Another complicated factor in the present context is that the attachment means may obtain different positions in left-handed and right-handed switch-points.
Because of the aforementioned circumstances concrete sleepers have not hitherto been used for railway switch-point. Instead wooden sleepers have often been used for switch-points, even though concrete sleepers have been used for the remainder of the track. It will be readily understood that such a discontinuity is highly unsatisfactory and that consequently a successful solution to the problem of manufacturing concrete sleepers for railway switch-points would afford a large number of advantages.
The present invention relates to a method of manufacturing concrete sleeper blocks for railway switch-points on a factory scale and in a rational manner which enables the necessary individual variations between different sleeper blocks to be obtained with great accuracy and precision.
The method according to the invention is mainly characterized in that a plurality of thin matrices whose length corresponds to the length of the various sleeper blocks and which exhibit removably mounted attachment means, are placed end to end in an elongate mould with the attachment means extending upwardly,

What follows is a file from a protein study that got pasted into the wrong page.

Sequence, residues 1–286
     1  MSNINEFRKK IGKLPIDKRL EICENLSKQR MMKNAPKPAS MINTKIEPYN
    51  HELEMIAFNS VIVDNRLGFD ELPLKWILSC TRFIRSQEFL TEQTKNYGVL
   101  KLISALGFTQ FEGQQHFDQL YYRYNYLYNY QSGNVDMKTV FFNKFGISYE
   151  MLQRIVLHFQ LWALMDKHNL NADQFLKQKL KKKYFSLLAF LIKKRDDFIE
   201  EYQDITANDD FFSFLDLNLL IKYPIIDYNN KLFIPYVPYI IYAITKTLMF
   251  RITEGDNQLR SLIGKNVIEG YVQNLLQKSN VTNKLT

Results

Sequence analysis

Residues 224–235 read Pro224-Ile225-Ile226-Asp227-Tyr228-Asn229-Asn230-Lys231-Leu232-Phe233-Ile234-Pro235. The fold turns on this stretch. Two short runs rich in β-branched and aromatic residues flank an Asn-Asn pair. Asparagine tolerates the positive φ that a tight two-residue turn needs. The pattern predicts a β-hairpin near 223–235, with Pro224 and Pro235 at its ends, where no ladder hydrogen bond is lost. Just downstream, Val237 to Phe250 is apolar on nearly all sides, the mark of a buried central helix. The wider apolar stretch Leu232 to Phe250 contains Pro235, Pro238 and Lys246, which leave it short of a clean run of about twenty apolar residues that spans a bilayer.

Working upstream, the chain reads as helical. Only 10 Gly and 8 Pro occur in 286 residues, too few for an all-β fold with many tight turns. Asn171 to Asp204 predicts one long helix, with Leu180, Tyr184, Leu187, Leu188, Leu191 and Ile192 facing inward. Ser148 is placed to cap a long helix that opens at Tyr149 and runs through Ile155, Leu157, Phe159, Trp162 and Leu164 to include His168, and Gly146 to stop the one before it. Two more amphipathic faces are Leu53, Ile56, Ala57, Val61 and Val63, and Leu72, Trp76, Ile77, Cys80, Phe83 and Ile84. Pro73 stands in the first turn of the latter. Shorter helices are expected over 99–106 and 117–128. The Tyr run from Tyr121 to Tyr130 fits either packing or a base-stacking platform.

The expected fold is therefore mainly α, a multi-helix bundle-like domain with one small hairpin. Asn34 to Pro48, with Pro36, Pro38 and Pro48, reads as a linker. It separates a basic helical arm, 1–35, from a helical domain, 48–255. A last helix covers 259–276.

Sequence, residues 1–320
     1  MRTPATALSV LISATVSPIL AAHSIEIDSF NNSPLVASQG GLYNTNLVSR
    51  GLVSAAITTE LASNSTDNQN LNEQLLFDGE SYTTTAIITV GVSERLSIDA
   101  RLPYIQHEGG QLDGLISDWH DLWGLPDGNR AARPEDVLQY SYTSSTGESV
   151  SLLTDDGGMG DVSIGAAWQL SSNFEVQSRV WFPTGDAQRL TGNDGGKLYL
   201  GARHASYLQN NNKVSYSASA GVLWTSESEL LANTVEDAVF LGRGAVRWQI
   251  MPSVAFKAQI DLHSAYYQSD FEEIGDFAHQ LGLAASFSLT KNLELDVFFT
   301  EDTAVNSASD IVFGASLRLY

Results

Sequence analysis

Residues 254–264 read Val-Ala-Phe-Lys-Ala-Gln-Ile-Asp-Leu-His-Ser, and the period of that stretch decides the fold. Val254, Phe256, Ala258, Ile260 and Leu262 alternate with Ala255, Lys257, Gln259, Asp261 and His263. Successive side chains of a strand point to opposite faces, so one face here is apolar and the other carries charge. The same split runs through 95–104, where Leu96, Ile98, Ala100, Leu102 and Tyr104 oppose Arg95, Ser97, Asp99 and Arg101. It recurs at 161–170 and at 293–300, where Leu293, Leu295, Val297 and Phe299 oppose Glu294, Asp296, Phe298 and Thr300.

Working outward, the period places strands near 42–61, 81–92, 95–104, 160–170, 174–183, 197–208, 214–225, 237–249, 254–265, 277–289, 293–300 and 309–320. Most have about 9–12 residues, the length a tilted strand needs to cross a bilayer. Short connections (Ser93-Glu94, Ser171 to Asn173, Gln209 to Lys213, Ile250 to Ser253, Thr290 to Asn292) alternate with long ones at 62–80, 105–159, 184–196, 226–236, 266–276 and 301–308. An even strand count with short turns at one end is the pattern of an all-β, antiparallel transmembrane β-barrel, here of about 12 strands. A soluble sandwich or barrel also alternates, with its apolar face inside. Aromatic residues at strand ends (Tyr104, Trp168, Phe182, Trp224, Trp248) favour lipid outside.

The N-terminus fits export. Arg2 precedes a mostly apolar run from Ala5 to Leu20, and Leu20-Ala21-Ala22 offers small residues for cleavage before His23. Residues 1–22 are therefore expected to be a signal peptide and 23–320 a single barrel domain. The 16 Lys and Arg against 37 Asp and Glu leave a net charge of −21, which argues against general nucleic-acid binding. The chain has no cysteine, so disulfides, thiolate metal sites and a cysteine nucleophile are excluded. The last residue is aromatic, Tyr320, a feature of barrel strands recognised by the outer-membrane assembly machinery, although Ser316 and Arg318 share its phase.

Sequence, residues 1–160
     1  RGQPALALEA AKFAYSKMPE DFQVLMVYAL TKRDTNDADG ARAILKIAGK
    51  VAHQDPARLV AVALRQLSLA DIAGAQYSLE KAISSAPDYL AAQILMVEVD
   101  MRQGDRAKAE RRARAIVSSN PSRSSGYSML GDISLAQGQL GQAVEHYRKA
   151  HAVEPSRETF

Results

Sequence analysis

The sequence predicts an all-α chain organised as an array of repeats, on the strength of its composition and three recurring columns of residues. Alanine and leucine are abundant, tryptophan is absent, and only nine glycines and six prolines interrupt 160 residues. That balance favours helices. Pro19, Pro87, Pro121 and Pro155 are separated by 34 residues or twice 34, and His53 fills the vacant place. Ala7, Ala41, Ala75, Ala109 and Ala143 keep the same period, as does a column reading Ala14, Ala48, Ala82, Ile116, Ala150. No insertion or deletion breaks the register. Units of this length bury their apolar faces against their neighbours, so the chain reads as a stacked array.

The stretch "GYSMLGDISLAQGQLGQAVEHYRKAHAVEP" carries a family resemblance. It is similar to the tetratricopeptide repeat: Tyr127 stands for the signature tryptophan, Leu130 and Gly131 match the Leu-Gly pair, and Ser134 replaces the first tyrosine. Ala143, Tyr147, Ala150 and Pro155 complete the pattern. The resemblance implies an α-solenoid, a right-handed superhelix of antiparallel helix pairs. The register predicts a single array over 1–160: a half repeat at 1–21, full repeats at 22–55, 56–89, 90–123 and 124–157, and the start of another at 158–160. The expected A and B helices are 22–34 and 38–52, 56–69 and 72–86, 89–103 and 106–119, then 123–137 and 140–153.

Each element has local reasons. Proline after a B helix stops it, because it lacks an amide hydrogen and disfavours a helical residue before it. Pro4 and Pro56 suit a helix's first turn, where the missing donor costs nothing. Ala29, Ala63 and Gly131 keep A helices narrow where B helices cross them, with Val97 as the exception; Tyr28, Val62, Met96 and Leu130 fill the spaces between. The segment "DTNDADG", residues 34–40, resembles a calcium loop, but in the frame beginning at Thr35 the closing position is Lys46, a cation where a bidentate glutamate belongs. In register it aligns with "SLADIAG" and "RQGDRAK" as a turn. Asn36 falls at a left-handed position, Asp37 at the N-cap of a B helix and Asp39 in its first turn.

that reinforcing means such as ropes are tensioned in the mould,
that concrete is cast in the mould and permitted to harden,
that the cured coherent concrete body is removed from the mould and the matrices removed from the concrete body and the attachment means cast therein, and
that the concrete body is cut into lengths corresponding to the desired sleeper blocks.
A basic feature of the invention is that there is used a plurality of matrices of precise dimensions and that the attachment means can be mounted in exact positions while taking into account the shrinkage experienced by the concrete block during the hardening period.
The placing of the matrices in an elongate mould enables casting to be carried out in an effective and efficient manner with the simultaneous casting of a plurality of coherent sleeper blocks in the form of a concrete body having, for example, a length of 30 meters or more. Thus, during the de-moulding operation and the subsequent handling and transport of the sleeper blocks to the cutting station, all the sleeper blocks can be handled as a single unit in the form of said concrete body, which is thus of considerable length.